"My hair did fall out - three times now since 2021! I had always had a full head of curly hair and knew it would fall out but still found it incredibly upsetting when it happened for the first time.  Not so much for the loss of the hair but because when I looked in the mirror it really brought home the fact that I had cancer.  It was a strange one, I thought I was ready for it, but every now and then going through cancer you get ambushed with intense emotions.

I had 6 rounds of chemo and 35 sessions of radiotherapy. In October my tumour was shrinking, and things were stable, which was great news.  I enjoyed Christmas with my family and had my next scan early in 2022. This showed that a little nodule had appeared in the tumour and so I was back on a different chemo for another 6 months.  This finished just in time for my 59th birthday!

Unfortunately, my next scan showed that the tumour had grown again.  This wasn’t news I wanted to hear.  In December I started on Pembrolizumab - an immunotherapy drug - I was optimistic and hopeful as I’d read a lot about it and hoped it may be my "silver bullet "."

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"Be really kind to yourself and all those around you - we are all precious, we are all fragile, we all need to look after one another.

"I had my most recent scan in March of this year.  Unfortunately, the pembro, although very effective for some, has not worked for me and tumour has grown again.   I am now on another newish drug, Sutent (sunitinib),  a targeted therapy drug.  This is a tablet taken every day for 2 weeks followed by a week off.  It is a tribute to ongoing research that there are more options now for treatment.  I am due my next scan at the end of May to see what impact the drug is having and I’m really hopeful it’s going to show stabilisation.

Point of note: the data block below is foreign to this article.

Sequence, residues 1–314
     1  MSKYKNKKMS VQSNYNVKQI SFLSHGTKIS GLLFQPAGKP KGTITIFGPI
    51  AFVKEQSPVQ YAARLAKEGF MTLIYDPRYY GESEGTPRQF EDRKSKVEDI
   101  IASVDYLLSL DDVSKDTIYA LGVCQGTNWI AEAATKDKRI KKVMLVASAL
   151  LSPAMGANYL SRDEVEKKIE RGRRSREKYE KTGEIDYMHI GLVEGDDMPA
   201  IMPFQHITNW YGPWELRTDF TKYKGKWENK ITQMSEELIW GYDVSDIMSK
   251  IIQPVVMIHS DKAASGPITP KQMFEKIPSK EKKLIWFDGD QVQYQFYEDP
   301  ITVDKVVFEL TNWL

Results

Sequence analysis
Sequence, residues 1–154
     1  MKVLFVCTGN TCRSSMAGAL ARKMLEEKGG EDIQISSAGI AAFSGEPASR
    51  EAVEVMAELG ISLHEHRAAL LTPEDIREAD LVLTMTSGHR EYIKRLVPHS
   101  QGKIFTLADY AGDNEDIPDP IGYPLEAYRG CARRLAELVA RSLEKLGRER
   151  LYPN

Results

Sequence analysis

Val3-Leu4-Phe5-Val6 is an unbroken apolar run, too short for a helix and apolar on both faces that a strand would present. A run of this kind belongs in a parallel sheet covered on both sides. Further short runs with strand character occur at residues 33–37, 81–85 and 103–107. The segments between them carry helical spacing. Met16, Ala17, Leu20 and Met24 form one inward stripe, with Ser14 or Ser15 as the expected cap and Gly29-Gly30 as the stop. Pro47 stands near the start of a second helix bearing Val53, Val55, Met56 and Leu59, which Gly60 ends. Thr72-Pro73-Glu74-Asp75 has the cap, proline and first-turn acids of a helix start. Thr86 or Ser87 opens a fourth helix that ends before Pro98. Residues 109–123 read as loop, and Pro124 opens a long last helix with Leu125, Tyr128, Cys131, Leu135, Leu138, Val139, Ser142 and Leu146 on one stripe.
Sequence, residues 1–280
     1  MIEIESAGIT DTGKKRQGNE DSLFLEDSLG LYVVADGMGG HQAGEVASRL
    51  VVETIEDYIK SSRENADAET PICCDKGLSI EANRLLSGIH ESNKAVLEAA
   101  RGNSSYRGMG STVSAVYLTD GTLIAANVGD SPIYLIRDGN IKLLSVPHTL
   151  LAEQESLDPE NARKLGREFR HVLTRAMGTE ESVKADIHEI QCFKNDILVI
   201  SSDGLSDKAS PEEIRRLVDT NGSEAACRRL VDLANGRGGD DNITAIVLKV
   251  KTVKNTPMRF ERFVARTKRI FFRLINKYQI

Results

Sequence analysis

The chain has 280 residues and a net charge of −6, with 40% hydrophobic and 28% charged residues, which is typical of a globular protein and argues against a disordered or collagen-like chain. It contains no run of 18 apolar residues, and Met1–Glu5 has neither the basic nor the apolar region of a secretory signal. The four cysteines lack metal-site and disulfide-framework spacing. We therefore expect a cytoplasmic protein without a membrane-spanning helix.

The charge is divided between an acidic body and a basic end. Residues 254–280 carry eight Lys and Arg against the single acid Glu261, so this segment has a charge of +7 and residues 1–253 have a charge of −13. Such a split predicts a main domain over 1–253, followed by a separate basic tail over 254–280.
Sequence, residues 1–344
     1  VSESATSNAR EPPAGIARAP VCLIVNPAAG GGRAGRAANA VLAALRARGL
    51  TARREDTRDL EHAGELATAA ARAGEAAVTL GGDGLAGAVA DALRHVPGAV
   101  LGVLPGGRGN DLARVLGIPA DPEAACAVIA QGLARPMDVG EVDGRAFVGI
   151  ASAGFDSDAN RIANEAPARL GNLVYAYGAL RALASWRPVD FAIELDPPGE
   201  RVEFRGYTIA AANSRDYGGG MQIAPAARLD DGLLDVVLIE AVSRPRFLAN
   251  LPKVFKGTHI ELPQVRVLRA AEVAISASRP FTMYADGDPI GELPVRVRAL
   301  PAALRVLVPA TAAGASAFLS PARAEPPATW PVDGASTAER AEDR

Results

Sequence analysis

My advice to anyone going through cancer is to seek help and speak about it when you’re ready. I found it really hard to talk about my diagnosis at first and I’m a chatty person by nature!  When I was ready though I contacted the Hope Centre and through them have met many lovely, supportive people also on the cancer journey. For me speaking to people in a similar boat is fantastic.  It makes such a difference to hear stories from those who have "been there, done that" and also to those who are newly diagnosed that we, as a group, can help to support and encourage.

Another bit of practical advice would be to keep a basic diary of how you are feeling physically (symptoms/side-effects) and mentally (good days/bad days), particularly when going through treatment. I find this to be unbelievably beneficial.  Each cycle of treatment builds a picture of symptoms/side effects that can be referred back to during the following cycles.  Anytime I am having a bad day, physically or mentally, I look back through my diary for the corresponding day and can understand more or even pre-empt my symptoms and mood, this gives me a feeling of some control.  This really helps me to maintain a positive mental attitude and remain motivated.

My inspiration is my wife, Lisa, and my two teenage sons. Cancer affects the whole family, we are all living with this diagnosis but the key for us is "living with it" not "dying from it" in every way we can, for as long as we can.

Finally, be really kind to yourself and all those around you - we are all precious, we are all fragile, we all need to look after one another."